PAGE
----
Welcome, Guest. Please Login
YaBB - Yet another Bulletin Board
  Please visit the Announcements forum and read the updated Forum Rules.
  HomeHelpSearchMember MapLogin ASSRA HomePage  
 
 
Pages: 1 2 
Send Topic Print
.22 Barrel Liner (Read 4074 times)
Redsetter
Oldtimer
*****
Offline



Posts: 753

Re: .22 Barrel Liner
Reply #15 - Aug 23rd, 2013 at 11:54pm
 
ssdave wrote on Aug 23rd, 2013 at 8:56pm:
Redsetter,

Do a google search and read some of the ideas of Bill Calfee. dave


I'd certainly like to read his book, though I can't help wondering how directly applicable bench-rest refinements might be to precision small-game hunting (my own humble & prosaic interest) at ranges almost never in excess of 75 yds (a long way in the woods).  But, directly applicable or not, I'm sure it would still be enlightening.

That 500+ rounds through a bench-rest rifle bore can make a significant difference in scores I don't dispute--I accept it as a scientific fact.  My question is, if you'll forgive my belaboring the point, will it turn a 3/4" rifle into a 1/2" rifle?  If the answer is yes, I'll burn up a brick through every  RF I've got (all SSs, so that will take time); that is, if & when I find the bricks to burn up that way.
Back to top
« Last Edit: Aug 24th, 2013 at 6:42am by Redsetter »  
 
IP Logged
 
John Taylor
Oldtimer
*****
Offline



Posts: 867

Puyallup, WA, Washington, USA
Re: .22 Barrel Liner
Reply #16 - Aug 25th, 2013 at 10:34pm
 
I would like to be able to say all the relines I do work out great but the last one I did for myself has not done so well. Might be the Remington bulk ammo I was using but I did not like 6" groups at 50 yards. My eyes are not what they once were so I put a 15 power scope on it. I did notice some of the rounds made a bang and some were almost silent out of a 30" barrel and it showed on the target that the ones that went bang shoot higher. Will try some good ammo as soon as I can get some.
Back to top
 

John Taylor   Machinist/gunsmith
WWW  
IP Logged
 
QuestionableMaynard8130
ASSRA Board Member
*****
Offline



Posts: 3213

Berrien Springs, MI, USA
Re: .22 Barrel Liner
Reply #17 - Aug 26th, 2013 at 7:26am
 
Accuracy is very relative. 
 Are you shooting squirrels in the head out of trees (say 1 inch @20-30 yard shots), are you trying to shoot a 250/10x on an inch and a half x-ring at 200 yds, are you trying for a 2200 out of 2500 offhand @ 100 yds, or are you trying for sub 1/4 in groups @ 50 yds off the bench.  All are very different games.
Are you shooting 150$/brick  (or more) premium match ammo or 20$/box bulk (if you can find it)?
Then there is the quality of the rifle/sights to start with as well as the individual shooter's personal skill level and always, the "conditions".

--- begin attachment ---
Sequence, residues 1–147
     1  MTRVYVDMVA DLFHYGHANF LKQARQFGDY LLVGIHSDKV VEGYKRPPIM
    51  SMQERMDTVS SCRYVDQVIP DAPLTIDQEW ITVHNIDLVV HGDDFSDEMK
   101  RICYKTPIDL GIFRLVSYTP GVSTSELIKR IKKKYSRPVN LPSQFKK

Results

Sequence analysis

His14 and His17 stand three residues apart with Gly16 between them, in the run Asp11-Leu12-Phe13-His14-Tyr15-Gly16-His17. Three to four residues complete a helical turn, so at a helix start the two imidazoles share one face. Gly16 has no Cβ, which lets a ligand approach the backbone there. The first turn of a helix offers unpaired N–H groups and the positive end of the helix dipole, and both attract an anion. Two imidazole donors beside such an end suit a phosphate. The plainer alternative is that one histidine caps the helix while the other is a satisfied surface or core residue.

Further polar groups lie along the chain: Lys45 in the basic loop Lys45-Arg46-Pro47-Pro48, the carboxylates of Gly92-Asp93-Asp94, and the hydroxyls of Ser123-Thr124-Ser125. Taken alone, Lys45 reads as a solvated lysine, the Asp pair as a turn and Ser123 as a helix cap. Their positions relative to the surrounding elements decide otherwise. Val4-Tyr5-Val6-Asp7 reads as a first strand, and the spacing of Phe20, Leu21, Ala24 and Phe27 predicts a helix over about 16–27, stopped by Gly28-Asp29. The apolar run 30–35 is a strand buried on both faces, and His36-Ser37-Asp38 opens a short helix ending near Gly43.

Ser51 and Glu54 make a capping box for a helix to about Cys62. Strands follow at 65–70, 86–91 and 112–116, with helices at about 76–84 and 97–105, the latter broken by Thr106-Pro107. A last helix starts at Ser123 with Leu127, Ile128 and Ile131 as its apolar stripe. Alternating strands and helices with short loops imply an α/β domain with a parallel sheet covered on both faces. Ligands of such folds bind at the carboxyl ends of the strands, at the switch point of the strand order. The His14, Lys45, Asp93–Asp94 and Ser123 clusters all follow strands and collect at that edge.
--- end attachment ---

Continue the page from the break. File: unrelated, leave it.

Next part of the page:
As rifling tools wear variations occur and no mass-produced barrel billets can be totally homogenous in micrograin and hardness structure.
I'm convinced that new-from-the-factory 22 rf barrels benefit from "lapping" to polish out the small MFG striations created in the rifling process-whether done with a brick or so of ammo or with more mechanical means.
I imagine hand cut and polished barrels may have this done as part of the process---contributing to their coast and reputation.
Barrel liners are simply very thin walled rifled barrels designed to be inserted in a heavier barrel.   Quality barrels and liners count and cost to start with. 
 So does the skill of the installer.  A good quality gunsmith who understands your accuracy requirements can make a liner/barrel combination that will work for you. 
We have several experienced gunsmiths associated with this site that can do the job, but high quality costs and good gunsmithing takes time.
   
A DIY job could work as well, depending on the skill and knowledge and tools of the worker--and his experience level with his tools (would you want a kidney transplant from a trainee?) and of course the initial accuracy requirements and conditions.
Back to top
« Last Edit: Aug 26th, 2013 at 7:35am by QuestionableMaynard8130 »  

sacred cows make the best burger
 
IP Logged
 
shovel80
Senior Forum Member
****
Offline



Posts: 357

Sonora,CA, California, USA
Re: .22 Barrel Liner
Reply #18 - Aug 26th, 2013 at 8:30am
 
TJ's Liners are Not Cut Rifled. I believe they are forged on a mandrel.

Terry Smiley
Back to top
 
 
IP Logged
 
Redsetter
Oldtimer
*****
Offline



Posts: 753

Re: .22 Barrel Liner
Reply #19 - Aug 26th, 2013 at 8:43am
 
QuestionableMaynard8130 wrote on Aug 26th, 2013 at 7:26am:
Accuracy is very relative. 
... 20$/box bulk (if you can find it)?   


At the Saratoga Springs gunshow this weekend, one crook had 9-10 bricks of CCI SV priced at $125 ea.  No sales for him, maybe because a less greedy crook was offering bricks (Rem.) at only $80 ea.
Back to top
 
 
IP Logged
 
QuestionableMaynard8130
ASSRA Board Member
*****
Offline



Posts: 3213

Berrien Springs, MI, USA
Re: .22 Barrel Liner
Reply #20 - Aug 26th, 2013 at 9:06am
 
terry,  I may be wrong, but I believe that almost all thin-wall rimfire "liners" today are created from some sort of drawn tubing.  I doubt that any are actually cut and rifled today.